A proposal to divert Roman Abramovich’s £2.34 billion Chelsea sale fund to Israel rather than Ukraine was discussed after the Hamas terrorist attack, Telegraph Sport can reveal.
The UK is understood to have turned down the high-level suggestion, with ministers believing it had been a move by the sanctioned oligarch to avoid condemnation in Russia.
Abramovich first promised proceeds for “all Ukraine war victims” after putting Chelsea up for sale on March 2 last year, eight days before facing sanctions over alleged links to Vladimir Putin.
However, with the huge fund untouched in a frozen account amid UK-Europe insistence that it is spent solely inside Ukraine’s borders, alternative proposals for his assets were privately raised.
Sources close to talks offer opposing views over whether the idea to spend the money in Israel was raised by Abramovich himself or by the country, where he was granted citizenship in 2018.
One insider with close knowledge of the UK’s position says potential disapproval in Moscow explains why the fund remains in limbo in a frozen London bank account after 18 months. “Abramovich doesn’t want the opprobrium in Russia for spending it in Ukraine,” the insider said of the current impasse. As well as potentially using the money for humanitarian causes in Israel after October 7, it was claimed that Abramovich also tabled the option of helping victims of the February earthquake in Turkey, where he has also had recent links.
Other sources say Israel led discussions about the plan and that Abramovich had no knowledge of them. “There are no such formal requests,” said another figure close to talks.
That person, speaking on condition of anonymity, added: “I know that during state visits, Israelis asked the UK, because Roman is such a big donor in Israel, if they would consider giving a licence for any assets of his, not just Chelsea, to be donated towards reconstruction in Israel.”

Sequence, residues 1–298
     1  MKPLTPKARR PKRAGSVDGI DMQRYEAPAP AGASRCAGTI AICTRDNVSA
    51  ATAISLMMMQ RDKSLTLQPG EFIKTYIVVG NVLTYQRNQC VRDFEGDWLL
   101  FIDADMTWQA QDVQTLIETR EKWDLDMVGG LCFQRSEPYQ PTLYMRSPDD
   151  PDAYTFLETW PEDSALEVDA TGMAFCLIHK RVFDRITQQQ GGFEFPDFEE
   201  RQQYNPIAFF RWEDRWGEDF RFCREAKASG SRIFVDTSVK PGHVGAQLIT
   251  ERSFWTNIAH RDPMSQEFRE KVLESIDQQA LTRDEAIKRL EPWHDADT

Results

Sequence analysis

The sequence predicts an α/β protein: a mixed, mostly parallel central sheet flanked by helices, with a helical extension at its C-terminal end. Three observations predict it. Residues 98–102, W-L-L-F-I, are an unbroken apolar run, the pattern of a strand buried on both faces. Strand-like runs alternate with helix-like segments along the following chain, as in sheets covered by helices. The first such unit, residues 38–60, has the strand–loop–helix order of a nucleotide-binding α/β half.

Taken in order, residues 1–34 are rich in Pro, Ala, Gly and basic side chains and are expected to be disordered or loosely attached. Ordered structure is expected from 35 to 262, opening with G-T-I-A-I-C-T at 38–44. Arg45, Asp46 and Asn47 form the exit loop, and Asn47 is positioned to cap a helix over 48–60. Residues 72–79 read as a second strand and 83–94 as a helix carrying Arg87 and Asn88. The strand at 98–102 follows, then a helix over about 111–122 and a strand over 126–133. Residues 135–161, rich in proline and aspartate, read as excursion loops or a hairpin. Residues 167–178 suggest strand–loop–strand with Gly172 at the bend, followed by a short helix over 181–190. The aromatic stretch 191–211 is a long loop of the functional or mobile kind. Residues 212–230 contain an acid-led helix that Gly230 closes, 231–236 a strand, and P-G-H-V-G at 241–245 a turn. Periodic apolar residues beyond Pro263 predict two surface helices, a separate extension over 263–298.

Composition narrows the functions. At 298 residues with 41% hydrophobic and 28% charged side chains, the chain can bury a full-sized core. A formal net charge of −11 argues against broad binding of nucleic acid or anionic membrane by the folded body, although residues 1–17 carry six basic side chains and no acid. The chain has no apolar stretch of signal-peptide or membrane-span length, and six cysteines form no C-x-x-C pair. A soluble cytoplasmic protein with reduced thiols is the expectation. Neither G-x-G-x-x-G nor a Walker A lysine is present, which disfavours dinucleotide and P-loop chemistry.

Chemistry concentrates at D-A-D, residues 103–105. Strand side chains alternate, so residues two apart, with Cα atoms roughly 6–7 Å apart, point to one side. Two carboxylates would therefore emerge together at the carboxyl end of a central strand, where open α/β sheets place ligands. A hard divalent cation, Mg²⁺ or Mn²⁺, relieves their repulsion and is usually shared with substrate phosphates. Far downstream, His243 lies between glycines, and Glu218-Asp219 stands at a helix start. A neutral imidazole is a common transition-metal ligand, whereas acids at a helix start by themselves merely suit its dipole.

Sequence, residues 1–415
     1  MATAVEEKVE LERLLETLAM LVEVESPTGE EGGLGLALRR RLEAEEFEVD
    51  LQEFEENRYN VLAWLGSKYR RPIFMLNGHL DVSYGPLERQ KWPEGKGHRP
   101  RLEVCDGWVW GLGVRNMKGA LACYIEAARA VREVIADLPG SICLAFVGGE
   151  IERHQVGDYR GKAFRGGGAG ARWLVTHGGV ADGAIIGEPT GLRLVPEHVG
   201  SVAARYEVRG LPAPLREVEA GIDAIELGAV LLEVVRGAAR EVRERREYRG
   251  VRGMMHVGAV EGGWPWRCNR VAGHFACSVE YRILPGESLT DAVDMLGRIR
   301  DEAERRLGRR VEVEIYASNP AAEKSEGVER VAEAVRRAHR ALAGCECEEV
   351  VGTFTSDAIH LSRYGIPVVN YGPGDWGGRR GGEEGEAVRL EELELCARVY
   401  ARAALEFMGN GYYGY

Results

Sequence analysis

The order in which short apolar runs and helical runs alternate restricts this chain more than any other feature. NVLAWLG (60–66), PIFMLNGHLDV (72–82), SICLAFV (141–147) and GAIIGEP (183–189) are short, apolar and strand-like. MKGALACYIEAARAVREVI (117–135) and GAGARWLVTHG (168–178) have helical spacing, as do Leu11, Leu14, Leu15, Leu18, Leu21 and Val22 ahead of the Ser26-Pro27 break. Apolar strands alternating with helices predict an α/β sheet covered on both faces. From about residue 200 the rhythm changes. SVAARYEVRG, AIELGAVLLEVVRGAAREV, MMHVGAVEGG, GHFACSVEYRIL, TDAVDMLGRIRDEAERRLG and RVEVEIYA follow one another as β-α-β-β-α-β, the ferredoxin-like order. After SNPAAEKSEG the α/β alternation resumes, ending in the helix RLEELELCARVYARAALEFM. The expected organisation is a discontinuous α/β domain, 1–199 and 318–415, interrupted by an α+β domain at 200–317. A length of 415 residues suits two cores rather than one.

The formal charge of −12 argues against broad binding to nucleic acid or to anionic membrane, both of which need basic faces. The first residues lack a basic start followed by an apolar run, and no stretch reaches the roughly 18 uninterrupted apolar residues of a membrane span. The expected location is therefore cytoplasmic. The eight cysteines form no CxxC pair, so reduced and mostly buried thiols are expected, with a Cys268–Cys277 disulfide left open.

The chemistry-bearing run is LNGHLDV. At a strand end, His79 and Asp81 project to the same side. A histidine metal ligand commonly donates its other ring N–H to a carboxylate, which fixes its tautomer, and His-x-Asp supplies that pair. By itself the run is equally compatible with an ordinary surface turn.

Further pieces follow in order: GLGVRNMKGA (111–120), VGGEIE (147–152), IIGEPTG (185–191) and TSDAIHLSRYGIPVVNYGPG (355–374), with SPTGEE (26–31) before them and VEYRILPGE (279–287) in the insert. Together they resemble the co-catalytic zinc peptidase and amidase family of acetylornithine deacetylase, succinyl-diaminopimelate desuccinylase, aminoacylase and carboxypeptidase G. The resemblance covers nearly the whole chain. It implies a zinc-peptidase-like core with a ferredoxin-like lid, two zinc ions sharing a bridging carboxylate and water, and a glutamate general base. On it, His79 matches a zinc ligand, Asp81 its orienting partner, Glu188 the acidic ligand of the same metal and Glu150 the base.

The funds would have been earmarked for expenditure on humanitarian causes in the south of Israel. “My understanding is that the UK Government told Israel a firm no,” the source added.
Prior to being sanctioned last year, Abramovich’s ties with Israel had become increasingly close. One project signed off prior to Russia’s war on Ukraine was to fund the planting of a forest in southern Israel dedicated to Lithuanian Jews who fell victim to the Holocaust.
Reports on Abramovich’s family background in Lithuania are patchy. However, his parents and relatives are known to have hailed from the country, but left for Siberia during the Soviet occupation in 1941.
Biggest single humanitarian donation in history
The sudden proposal to use the Chelsea funds for causes unrelated to Ukraine illustrate how far the Government remains from signing off the biggest single humanitarian donation in history.
Despite the sale of the club taking place entirely within UK jurisdiction, ministers signed a unilateral declaration in May with the European Commission stating the money would be spent “exclusively” within Ukraine. That move bemused the humanitarian sector as Mike Penrose, a former UK chief executive of Unicef, was brought in to create an independent foundation on the basis that it would be spent on “Ukraine and its consequences”.